Lots of fascinating stuff going on if you are an economist, but how does this all affect us and our housing market?  We had lots of craziness 10 years ago, but now real estate may be one of the most stable areas we can point to. In spite of the Fed increases, mortgage rates, based on the 10-year bond, have recently turned lower to the benefit home buyers.  (In times of uncertainty, investors find the bond market attractive, and that lowers rates on the 10-year bond).

Ten years ago we dealt with nothing down, with teaser rates that would “re-set”, and we ended up with the housing/mortgage crisis being the root cause of the entire financial crisis. Banks were taking homes away.  REOs changed into Short Sales.  Our area began to rely heavily on FHA financing, a method that was hardly every used prior to 2007. The new loan of choice was a 30-year fixed rate.  Things changed, drastically.

Even though we have all this uncertainty, let’s get back to the basics of supply and demand.

The past couple of years have been a sellers market, with the majority of homes selling with multiple offers. Perhaps the housing market has already been through what the stock market is going through now, Mr. Toad’s Wild Ride.  But all that is changing.  Buyers reached the limit of what they can and will pay. Home prices are not pushing higher.  The market has leveled out and is at this point balanced between buyers and sellers.  Some sellers may not have caught on to that as yet, and continue to list their homes with high price expectation.  Around 50% of homes on the mls have reduced their prices from the previous month, and around 20% have expired and were re-listed. 

Good homes priced well continue to sell quickly, homes not in good shape and overpriced are lingering on the market.

2018 was the year of balancing. There are still some multiple offers, but they are the result of the desirability of the home, not speculation.

How much have things slowed down?  How did the number of homes sold last year compare to the history of the past 14 years?

Not bad at all.  The charts above tell us that things continue to go well, just down a little from the year before.  But these are annual charts, with one point representing the average of the entire year.  The trend at the end of last year showed slowing.

How about prices?  Due to low inventory and high sales in 2017, prices rises carried over into 2018.  But they are leveling out.

Median prices in the Conejo Valley began the year with $747,500 in January, and ended the year at $750,000.  Basically the same.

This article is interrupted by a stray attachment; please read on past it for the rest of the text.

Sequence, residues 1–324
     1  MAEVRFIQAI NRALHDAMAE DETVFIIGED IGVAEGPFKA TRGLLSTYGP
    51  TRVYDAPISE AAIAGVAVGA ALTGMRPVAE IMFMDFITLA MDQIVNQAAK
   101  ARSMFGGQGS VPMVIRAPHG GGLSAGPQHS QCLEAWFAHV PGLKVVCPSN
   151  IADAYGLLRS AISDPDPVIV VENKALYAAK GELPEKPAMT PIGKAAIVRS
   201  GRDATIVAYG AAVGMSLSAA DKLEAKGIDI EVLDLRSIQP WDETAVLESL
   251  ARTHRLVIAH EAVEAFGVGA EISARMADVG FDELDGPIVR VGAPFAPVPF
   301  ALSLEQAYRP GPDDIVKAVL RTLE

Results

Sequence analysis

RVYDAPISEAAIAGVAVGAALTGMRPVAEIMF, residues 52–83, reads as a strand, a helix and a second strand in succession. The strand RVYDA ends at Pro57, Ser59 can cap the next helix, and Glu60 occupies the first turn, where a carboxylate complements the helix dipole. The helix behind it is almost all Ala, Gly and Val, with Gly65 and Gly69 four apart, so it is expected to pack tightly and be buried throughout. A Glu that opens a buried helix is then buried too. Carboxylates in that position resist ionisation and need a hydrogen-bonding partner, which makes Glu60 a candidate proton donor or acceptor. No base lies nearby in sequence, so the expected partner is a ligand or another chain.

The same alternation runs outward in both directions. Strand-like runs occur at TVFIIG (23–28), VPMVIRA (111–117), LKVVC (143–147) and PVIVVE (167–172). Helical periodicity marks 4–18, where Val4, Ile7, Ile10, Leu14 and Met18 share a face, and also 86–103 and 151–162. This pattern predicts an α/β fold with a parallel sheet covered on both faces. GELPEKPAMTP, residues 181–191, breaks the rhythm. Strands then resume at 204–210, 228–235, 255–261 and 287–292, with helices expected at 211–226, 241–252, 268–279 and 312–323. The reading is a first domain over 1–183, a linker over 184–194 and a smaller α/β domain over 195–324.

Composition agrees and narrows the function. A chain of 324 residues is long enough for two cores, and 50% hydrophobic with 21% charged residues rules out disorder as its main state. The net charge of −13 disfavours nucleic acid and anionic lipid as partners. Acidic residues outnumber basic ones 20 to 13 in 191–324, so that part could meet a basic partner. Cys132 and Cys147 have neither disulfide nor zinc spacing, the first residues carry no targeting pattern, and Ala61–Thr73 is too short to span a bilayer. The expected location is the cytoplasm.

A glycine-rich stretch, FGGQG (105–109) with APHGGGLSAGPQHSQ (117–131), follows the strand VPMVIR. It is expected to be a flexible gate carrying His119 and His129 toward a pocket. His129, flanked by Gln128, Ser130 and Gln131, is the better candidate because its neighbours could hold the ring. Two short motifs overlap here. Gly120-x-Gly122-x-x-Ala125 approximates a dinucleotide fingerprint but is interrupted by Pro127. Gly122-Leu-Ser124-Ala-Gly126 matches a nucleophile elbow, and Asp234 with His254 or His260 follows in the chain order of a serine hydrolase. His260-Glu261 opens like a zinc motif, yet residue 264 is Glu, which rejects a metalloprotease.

Simi/Moorpark prices began the year at $575,000, and ended the year at$590,000.  Activity and price increases in Simi/Moorpark began the year strong due to a ridiculously low inventory, then slipped considerably in the last half of the year.

How about inventory?  If sales are not increasing, inventory should be rising.

In the Conejo, we finished this year with more inventory than the previous four years.  Nothing drastic, but higher.  But in Simi/Moorpark, the year began extremely low and ended the year very high.  Sales slipped dramatically for the last half of the year, and inventories grew dramatically.

Finally, lets look at the three-month comparison, three months that ended 2018 with the same three month period in 2017.

For Conejo, inventory up 26%, the number of sales down 12%.  Many of us look at a three month inventory in our area as normal, average, usual.  We are approaching that number.   Sales were down in every price category except the highest.

For Simi/Moorpark, inventory increased a whopping 76% while the number of sales were down 20%.  Months of inventory changed from an anemic one month to twice that number, more usual, more regular, more normal.

For all our valleys, the last half of the year was a slowdown, bringing the annual comparisons down.  Volume was down in all price categories.

How do we begin 2019?  About the same as we ended 2018. 

The market has slowed. 

The market is balanced. 

The market is ok. 

But that’s about it. 

OK is ok. 

Continue to do what you do well.  Take good care of your clients, give good advice, work hard, and 2019 will be a good year.

Be good, and Happy New Year.